Saturday, April 23, 2011

Tip 25: Music, Music, Music! Brain Building--Right, Left and Center

There are three parts of the frontal lobe that are stimulated by music – Broca’s area  on the left, the mirror-neuron system on the right, and the emotional center in the middle.  Watch a video from Dr. Daniel Levitin in Montreal, of the brain listening to Chopin to see the frontal lobe working, at this link:

The new research indicates that a large part of the impact of music on the brain has to do with emotion. No need to be a “Tiger Mom” to instill music appreciation – a love of music and the benefits it provides are its own rewards. And, you don’t need to push Mozart; all music is good for your child’s brain.

Lullabies – Ages birth to three years – Evidence points to all cultures using bedtime as a time to build a ritual of singing a baby to sleep. With infants, singing the same lullaby each night while you rock your baby stimulates the language and mirror systems while quieting the baby down to sleep and creating a bedtime routine. Any soft, lilting song will do. My children loved “Bridge Over Troubled Water”, but this is one opportunity you have to share your favorite song and create a family tradition.  With children over a year, a soft bedtime song after a bedtime story provides a special one-on-one opportunity for parents and child.

Car Sing-Alongs  -   Ages three to seven years When driving carpools to school, scouts, or other outings take along a CD of children’s songs, pop it into the CD player, and have the group sing along if they seem interested. By playing children’s songs while driving you can keep the group engaged and limit conflicts, especially among family members. The music also helps to mask the traffic noise from outside the car that can be a problem when you try to carry on conversations.

Name that Tune – Ages seven to eleven – Ask each child in the car to take a turn singing a few of the starting notes from a popular song they think others will know. See how many notes of the song it takes before someone can name the song. Once you have the name, sing a few lines and then let the next child take a turn.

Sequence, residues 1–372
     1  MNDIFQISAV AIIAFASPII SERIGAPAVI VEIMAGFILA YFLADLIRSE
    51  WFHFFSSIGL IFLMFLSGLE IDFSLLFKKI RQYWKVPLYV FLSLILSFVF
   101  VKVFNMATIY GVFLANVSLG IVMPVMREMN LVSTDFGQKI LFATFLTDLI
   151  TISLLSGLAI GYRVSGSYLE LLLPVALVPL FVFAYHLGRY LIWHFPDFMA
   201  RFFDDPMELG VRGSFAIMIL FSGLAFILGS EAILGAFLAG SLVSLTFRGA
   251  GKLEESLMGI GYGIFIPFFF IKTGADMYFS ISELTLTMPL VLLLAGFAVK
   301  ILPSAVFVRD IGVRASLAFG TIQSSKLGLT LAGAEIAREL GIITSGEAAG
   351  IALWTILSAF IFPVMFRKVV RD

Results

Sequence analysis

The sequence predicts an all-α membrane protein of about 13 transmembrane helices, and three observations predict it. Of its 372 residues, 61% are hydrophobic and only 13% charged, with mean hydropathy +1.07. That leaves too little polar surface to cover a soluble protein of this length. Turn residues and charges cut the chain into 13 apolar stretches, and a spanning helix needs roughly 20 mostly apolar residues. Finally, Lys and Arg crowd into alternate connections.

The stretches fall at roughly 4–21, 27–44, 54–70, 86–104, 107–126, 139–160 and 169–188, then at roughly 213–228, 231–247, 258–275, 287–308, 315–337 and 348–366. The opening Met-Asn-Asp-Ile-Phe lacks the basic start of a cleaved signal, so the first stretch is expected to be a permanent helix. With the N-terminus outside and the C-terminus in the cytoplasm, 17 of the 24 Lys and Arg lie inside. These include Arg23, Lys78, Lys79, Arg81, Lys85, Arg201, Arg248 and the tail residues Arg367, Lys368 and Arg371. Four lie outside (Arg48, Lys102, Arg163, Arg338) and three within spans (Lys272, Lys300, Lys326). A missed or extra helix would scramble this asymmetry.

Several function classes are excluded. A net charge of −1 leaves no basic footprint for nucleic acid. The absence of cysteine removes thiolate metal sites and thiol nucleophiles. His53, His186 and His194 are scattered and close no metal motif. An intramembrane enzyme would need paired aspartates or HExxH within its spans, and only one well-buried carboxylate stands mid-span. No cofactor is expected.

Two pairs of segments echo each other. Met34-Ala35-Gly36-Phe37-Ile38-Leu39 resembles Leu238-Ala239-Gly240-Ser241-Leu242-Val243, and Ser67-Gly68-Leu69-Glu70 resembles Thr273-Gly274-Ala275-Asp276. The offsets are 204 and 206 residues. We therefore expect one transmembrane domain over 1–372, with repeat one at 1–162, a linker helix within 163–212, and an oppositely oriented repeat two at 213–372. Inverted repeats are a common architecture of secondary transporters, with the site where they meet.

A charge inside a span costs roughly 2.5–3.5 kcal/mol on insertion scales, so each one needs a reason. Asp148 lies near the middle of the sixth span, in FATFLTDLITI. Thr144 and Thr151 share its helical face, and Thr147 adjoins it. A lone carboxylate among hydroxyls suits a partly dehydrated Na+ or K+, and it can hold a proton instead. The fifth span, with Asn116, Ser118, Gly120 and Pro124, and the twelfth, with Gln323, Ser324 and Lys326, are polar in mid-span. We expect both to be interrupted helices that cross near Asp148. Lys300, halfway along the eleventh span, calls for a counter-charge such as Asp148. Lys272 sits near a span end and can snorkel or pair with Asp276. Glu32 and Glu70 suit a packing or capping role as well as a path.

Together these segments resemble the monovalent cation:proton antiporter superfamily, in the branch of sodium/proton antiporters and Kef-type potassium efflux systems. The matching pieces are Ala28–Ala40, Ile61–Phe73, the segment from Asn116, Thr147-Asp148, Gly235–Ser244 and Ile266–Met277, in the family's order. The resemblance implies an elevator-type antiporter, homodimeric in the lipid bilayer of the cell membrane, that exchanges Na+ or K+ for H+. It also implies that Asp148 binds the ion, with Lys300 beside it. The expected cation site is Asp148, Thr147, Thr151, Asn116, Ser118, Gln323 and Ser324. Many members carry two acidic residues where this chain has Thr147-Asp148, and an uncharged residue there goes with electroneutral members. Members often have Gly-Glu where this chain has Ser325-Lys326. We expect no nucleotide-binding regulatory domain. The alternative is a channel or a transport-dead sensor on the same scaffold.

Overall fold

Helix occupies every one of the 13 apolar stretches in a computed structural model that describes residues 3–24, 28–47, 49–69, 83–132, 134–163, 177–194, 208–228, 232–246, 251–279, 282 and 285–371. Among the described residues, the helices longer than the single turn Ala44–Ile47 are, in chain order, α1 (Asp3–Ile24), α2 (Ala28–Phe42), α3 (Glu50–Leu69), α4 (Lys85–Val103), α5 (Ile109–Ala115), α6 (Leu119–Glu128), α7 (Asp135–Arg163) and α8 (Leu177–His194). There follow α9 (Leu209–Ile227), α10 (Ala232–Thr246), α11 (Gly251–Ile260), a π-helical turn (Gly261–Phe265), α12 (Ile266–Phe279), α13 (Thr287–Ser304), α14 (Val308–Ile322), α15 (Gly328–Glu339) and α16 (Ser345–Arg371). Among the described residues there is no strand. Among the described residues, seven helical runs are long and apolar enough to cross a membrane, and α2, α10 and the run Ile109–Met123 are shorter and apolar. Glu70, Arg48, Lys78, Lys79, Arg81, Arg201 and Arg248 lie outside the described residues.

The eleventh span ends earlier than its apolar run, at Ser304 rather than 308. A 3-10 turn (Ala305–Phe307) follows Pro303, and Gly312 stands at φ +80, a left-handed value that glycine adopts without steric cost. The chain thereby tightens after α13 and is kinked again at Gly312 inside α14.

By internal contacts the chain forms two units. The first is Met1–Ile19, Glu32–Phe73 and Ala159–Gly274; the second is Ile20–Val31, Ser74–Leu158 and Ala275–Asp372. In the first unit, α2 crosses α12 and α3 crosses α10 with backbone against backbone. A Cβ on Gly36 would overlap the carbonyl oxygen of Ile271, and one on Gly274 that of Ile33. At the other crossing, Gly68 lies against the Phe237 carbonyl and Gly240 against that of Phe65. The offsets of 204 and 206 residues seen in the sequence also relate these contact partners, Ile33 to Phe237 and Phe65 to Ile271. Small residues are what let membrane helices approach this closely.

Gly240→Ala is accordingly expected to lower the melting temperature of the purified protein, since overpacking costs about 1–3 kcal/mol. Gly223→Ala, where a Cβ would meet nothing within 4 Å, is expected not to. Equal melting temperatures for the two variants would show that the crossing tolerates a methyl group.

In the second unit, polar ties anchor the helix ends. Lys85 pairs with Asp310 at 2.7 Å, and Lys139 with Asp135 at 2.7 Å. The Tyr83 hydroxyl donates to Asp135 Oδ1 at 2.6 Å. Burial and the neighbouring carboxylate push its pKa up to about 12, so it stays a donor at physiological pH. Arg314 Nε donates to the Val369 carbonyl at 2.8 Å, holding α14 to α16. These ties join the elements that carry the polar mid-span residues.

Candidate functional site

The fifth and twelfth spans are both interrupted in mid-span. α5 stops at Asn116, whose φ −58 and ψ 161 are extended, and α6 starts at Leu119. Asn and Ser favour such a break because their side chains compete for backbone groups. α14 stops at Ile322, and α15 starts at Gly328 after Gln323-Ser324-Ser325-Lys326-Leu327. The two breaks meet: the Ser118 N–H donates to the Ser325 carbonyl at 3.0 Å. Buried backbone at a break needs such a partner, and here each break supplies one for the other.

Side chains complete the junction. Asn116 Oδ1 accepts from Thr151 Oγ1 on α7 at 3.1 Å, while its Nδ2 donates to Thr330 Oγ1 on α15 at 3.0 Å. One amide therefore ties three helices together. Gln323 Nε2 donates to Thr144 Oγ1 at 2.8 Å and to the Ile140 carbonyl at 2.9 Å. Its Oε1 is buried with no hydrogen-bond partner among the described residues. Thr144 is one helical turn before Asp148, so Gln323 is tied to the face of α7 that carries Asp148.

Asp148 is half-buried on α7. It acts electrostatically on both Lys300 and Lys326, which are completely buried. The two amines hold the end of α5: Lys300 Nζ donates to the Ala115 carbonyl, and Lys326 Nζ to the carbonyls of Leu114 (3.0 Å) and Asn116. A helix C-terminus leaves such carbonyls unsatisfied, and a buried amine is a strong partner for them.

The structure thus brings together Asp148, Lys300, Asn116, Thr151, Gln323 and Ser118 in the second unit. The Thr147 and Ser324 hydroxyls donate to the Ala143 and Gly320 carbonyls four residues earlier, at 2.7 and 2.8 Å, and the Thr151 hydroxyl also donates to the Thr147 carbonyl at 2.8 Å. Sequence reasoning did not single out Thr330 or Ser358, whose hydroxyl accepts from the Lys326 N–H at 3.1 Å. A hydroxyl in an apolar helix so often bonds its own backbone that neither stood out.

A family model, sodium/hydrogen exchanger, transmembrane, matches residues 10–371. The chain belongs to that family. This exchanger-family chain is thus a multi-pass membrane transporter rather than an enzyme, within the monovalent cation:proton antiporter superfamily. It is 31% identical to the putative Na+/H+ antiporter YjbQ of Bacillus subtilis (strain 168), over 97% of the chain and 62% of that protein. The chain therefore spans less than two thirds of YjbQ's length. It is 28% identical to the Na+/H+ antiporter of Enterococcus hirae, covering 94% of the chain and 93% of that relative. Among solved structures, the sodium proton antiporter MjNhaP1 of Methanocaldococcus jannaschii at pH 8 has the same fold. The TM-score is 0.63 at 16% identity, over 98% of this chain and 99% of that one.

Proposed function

Music Lessons – Five years and older Music lessons make children smarter.  New research conducted by Dr. Shellenberg and colleagues from the University of Toronto showed that  that children's IQ scores increase an average of 1 point per 6 months of lessons.  So, in theory, a child taking music lessons from age 7 to age 12 would have an increase of 10 points in their IQ due to the music.  We will be watching this research as details are released. 

Friday, April 15, 2011

Tip 24: Twist it out - for speech sake!

Try these tongue twisters as a meal-time or car-time competition to build speech accuracy and agility

Funny word flips - ages four to six - go for five in a row (counting on fingers)
Rickety wicket
Frying flies
Flying fries
Selfish shellfish
Real red leather
Try three twists
Shred Swiss cheese
Fred fed Ted bread
Six slick sticks

Sassy sentences - ages six to ten - repeat these or other familiar tongue twisters several times quickly stopping at the first mistake. Keep score for each player as number of correct repetitions in a row.
She sells sea shells by the sea shore
A cheap ship trip
Crisp crusts crackle crunchily
Rubber baby buggy bumpers
flash message!
A box of biscuits, a batch of mixed biscuits
Brad's big black bath brush broke
The six slick sleeping sheep
Twelve twins twirled twelve twigs

Why? You may have noticed in the movie The King's Speech that King George the VI practiced tongue twisters as part of his speech therapy preparing for his radio broadcasts. Tongue twisters have been used for decades by actors and public speakers to build speech precision. New neuroscience research has revealed that a crucial area of the left frontal lobe, Broca's area, is very important for speech planning, timing and sequencing.  When this area is exercised it may help strengthen important long brain pathways that link the back of the brain to the front. This might also help with development of other frontal lobe skills: planning the best response to a question or formulating written text.

Sunday, April 10, 2011

Genius within: emerging from Autism - Story #1

Sitting before me is a three and one-half year old boy who has just spoken his first word, "O.K." This is unusual for a first word - most children start with names of important people in their lives, like "mama" or "dada" or even objects like "baba" for bottle. But Adam will start talking differently - he has been diagnosed as "autistic". After being silent for over three years, about three months of speech therapy has opened his world to the power of words. But not just words, he has begun to appreciate the pleasure of interacting with another person. Not only is he saying a few words, he is following my gaze, looking with me toward his mother to see if she is wearing glasses, like the woman in a photo that I just showed him. He is also imitating me for the first time and using gestures to show he understands the meaning of pictures - he puts a photo card of an umbrella over his head to indicate he knows how that is used.